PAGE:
Tha Carter III
Gifted MC loses the run of himself without Mannie Fresh
Rating: 6 / 10
Kilian Murphy, 14 Jul 2008
Rap artists are not strongly tied to collaborators in the way that rock musicians are; hip-hop MCs regularly work with dozens of different producers – often within the confines of a single record.
Largely, this is beneficial, as it provides greater opportunities to broaden one’s musical horizons. However, the effect is that the development of creative chemistry via sustained collaboration can sometimes be neglected.
Snoop Dogg and Missy Elliot, for instance, built strong creative ties with Dr Dre and Timbaland (respectively) in their early years, and have struggled to deliver records of consistent excellence since moving on to work with a wider range of producers. Sadly, Lil Wayne (real name Dwayne Michael Carter Jr.) appears to be on a similar path.
Wayne’s albums used to be dominated – and often exclusively populated – by tracks produced by Mannie Fresh, the gifted in-houser for legendary hip-hop label Cash Money Records. While the young MC’s eagerness to try new things is understandable – particularly given his recent ascension to superstar status – his creative star has dimmed a little since parting ways with Fresh after his 2004 masterpiece, Tha Carter. Maddeningly, this dip in production quality comes at a time when Wayne’s regular claims to being “the best rapper alive” are well-founded. Tha Carter III sees him move from brash, clear-headed boasts to more unhinged, stream-of-consciousness babble with marvellous effect; the charmingly pre-pubescent whine evident on his earlier records has given way to a deeper, weed-induced croak.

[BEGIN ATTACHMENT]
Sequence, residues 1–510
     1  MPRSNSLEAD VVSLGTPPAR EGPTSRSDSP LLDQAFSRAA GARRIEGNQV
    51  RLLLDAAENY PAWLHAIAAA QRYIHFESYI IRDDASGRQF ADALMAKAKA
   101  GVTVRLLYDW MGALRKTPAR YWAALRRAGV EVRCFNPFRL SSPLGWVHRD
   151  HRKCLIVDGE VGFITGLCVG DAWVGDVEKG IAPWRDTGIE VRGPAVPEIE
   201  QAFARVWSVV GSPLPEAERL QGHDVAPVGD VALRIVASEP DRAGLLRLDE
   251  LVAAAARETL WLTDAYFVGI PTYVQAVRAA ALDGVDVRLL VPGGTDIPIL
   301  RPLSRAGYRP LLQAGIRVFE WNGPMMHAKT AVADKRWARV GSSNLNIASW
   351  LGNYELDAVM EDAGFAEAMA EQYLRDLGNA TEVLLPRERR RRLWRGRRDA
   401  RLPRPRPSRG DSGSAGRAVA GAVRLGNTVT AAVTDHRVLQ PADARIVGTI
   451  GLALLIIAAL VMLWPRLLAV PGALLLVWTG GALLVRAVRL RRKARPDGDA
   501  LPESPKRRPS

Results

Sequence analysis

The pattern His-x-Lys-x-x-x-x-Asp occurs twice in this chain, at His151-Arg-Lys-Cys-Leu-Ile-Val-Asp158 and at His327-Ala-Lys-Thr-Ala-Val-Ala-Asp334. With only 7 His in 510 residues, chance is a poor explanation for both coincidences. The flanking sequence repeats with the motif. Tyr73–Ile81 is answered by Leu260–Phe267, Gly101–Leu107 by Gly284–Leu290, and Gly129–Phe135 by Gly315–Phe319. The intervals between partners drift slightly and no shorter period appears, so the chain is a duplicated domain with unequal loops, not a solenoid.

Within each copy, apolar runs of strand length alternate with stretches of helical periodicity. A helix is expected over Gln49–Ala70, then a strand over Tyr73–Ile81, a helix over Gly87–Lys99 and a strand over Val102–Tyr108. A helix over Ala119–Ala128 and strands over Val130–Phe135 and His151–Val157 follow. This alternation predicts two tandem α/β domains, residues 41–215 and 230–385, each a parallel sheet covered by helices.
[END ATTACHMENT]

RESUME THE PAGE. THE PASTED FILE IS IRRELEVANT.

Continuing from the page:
However, the album contains only a handful of tracks on which the production matches the eccentric brilliance of Wayne’s flow. Kanye West proves to be a surprisingly good foil on ‘Let The Beat Build’, a rousing mixture of groovy piano and looped gospel samples. Elsewhere, the dark, paranoid roll of ‘Shoot Me Down’ is a perfect backdrop for Carter’s edgy, nightmarish rhymes, while his spoken/semi-rapped ramble on the outro to soul-tinged closer ‘Dontgetit’ is also a treat.
Still, Lil Wayne’s ego-fuelled unwillingness to retain close ties with the collaborators that helped him reach his current status is beginning to mark him out as hip-hop’s Cristiano Ronaldo.
Key Track: ‘Shoot Me Down’